Turkey will on Tuesday unveil the world's first sea tunnel connecting two continents, fulfilling a sultan's dream 150 years ago, but also fuelling recent anti-government sentiment for such mega projects.
"Our ancestors worked on (the project). It fell to us to realise it," said Turkey's Prime Minister Recep Tayyip Erdogan of the rail tunnel under the Bosphorus linking the European and Asian sides of the bustling city of Istanbul.
The bold project was first imagined by a sultan of the Ottoman Empire, Abdoul Medjid, in 1860, but he lacked the technology and funds to take his idea further.
Erdogan, a former mayor of Istanbul, revived the plan in 2004 as one of his grandiose construction projects for the city that also include a third airport, a parallel canal and a third bridge—all denounced as "pharaonic" by his critics.
His ambitions were a source of unrest at the mass anti-government protests that swept the country in June, with local residents complaining that the premier's urban development plans were forcing people from their homes and destroying green spaces.
Although officially opening on Tuesday, the rail tunnel will not be fully operational.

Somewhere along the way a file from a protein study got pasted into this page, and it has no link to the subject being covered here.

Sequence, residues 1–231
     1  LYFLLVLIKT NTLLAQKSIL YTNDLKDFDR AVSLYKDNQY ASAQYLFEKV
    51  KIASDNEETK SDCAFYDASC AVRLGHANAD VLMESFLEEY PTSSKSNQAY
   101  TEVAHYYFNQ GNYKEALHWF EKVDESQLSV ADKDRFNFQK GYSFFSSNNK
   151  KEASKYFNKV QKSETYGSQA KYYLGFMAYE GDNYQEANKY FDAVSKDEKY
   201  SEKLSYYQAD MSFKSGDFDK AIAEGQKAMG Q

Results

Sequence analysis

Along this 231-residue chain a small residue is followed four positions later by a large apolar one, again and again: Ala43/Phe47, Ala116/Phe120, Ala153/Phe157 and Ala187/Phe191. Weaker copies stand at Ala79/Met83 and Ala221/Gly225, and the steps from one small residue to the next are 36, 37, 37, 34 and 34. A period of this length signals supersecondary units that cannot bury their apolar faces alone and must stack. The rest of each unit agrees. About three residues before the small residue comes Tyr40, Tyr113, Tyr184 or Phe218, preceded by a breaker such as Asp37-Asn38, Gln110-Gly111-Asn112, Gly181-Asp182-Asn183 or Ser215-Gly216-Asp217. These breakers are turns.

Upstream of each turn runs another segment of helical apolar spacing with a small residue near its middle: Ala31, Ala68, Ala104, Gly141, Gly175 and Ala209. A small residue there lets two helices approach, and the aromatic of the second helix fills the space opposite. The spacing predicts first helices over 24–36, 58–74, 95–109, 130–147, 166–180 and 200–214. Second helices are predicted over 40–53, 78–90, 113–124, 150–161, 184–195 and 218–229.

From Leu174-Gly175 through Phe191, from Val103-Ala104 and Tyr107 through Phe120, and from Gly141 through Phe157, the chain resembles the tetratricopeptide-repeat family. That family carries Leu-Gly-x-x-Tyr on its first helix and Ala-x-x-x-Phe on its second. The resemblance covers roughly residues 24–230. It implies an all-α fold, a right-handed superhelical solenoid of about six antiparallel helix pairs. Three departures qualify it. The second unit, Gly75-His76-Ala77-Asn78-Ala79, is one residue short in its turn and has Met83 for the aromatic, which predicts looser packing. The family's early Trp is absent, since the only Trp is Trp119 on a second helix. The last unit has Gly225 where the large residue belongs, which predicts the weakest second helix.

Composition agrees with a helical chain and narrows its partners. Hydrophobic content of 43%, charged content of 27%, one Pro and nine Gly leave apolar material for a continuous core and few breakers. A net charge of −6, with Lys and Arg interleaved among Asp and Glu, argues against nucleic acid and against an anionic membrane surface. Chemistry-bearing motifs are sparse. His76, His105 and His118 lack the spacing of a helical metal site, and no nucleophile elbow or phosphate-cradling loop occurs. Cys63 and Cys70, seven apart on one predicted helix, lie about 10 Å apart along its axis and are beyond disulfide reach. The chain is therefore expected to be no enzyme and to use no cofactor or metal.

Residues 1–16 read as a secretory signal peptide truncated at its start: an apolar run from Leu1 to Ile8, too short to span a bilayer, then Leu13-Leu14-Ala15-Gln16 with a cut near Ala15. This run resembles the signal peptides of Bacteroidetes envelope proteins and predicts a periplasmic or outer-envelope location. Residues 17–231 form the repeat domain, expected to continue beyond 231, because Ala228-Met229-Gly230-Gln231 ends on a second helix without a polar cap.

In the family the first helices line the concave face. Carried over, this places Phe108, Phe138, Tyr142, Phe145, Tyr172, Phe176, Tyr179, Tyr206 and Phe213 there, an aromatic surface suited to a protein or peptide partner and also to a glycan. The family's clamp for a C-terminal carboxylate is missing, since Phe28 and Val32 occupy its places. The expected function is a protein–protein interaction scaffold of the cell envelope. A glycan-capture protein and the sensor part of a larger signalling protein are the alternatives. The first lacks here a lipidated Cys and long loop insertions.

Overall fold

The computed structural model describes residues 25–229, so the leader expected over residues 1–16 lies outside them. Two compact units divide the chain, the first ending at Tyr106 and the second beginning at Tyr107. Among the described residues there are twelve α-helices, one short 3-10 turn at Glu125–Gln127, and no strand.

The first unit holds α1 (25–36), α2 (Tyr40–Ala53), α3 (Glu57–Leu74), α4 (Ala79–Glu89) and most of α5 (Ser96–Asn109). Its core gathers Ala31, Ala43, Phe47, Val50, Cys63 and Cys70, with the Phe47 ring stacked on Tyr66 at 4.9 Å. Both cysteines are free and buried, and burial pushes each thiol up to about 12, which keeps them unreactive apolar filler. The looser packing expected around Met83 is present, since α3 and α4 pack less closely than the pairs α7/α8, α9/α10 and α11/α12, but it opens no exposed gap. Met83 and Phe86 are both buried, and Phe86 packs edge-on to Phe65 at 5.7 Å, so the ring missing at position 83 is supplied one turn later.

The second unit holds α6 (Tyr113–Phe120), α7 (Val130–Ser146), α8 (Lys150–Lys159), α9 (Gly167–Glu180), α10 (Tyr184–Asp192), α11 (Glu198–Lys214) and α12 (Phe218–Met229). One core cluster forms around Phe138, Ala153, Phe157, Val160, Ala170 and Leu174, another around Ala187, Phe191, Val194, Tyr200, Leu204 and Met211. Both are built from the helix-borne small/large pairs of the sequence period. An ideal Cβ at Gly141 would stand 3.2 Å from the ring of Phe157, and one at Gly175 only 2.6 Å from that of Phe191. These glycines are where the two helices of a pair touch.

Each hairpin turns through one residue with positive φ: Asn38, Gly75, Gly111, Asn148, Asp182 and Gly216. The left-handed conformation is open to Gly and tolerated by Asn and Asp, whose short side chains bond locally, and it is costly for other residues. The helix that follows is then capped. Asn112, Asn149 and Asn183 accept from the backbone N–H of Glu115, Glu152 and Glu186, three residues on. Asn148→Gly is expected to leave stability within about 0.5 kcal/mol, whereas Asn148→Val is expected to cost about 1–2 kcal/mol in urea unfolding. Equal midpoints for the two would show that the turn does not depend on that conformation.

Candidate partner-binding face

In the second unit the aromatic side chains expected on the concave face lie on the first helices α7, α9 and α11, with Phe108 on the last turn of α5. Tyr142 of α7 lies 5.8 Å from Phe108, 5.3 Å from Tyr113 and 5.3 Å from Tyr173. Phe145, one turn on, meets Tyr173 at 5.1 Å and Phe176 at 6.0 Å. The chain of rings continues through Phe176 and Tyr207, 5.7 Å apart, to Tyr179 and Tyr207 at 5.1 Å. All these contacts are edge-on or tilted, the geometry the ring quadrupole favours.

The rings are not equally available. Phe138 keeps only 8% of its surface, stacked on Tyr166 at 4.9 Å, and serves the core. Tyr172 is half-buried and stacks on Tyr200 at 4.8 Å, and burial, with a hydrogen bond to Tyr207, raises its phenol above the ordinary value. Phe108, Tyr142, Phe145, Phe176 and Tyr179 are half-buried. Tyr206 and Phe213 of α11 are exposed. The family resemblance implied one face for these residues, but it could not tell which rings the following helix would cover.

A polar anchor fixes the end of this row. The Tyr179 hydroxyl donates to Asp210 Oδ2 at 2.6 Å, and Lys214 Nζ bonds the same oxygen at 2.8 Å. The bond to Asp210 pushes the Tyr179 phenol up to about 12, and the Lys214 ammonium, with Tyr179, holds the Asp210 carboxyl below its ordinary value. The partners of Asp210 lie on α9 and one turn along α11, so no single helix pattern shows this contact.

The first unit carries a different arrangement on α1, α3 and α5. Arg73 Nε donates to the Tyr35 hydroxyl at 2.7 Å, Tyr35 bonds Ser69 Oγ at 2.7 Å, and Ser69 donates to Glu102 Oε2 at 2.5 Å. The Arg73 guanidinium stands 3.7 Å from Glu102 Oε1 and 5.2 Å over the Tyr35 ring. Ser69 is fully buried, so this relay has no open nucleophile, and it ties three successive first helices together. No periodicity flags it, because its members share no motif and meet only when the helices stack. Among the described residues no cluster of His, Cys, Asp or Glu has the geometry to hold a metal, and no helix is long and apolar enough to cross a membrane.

"The part that is in service is very limited. All that has been delayed to much later," said Tayfun Kahraman, president of the Istanbul Chamber of Urban Planners. "We are wondering why this inauguration is happening so soon."
Japan's Prime Minister Shinzo Abe will be present at the official opening, as the Bank of Japan was the main financer contributing 735 million euros ($1 billion) to a project that has cost an estimated three billion euros.
Construction of the tunnel that runs 1.4 kilometres (0.8 miles) under the Bosphorus Strait had been scheduled to take four years but was delayed after a series of major archaeological discoveries.
Some 40,000 objects were excavated from the site, notably a cemetery of some 30 Byzantine ships, which is the largest known medieval fleet.
But these unexpected finds eventually frustrated Erdogan, who complained two years ago that artefacts were trumping his plans to transform Istanbul's cityscape.
"First (they said) there was archaeological stuff, then it was clay pots, then this, then that. Is any of this stuff more important than people?"
The tunnel is more than 50 metres (165 feet) below the seabed and in a region with strong seismic activity the immersed tube is supposed to be earthquake-proof.
Transport is a major problem in Istanbul, which has a population of over 15 million and each day two million cross the Bosphorus via two usually jammed bridges.
"While creating a transportation axis between the east and west points of the city, I believe it will soothe the problem... with 150,000 passenger capacity per hour," said Istanbul's mayor Kadir Topbas.
"It is an important project that the city needed... it will reduce greenhouse gases," added Kahraman.
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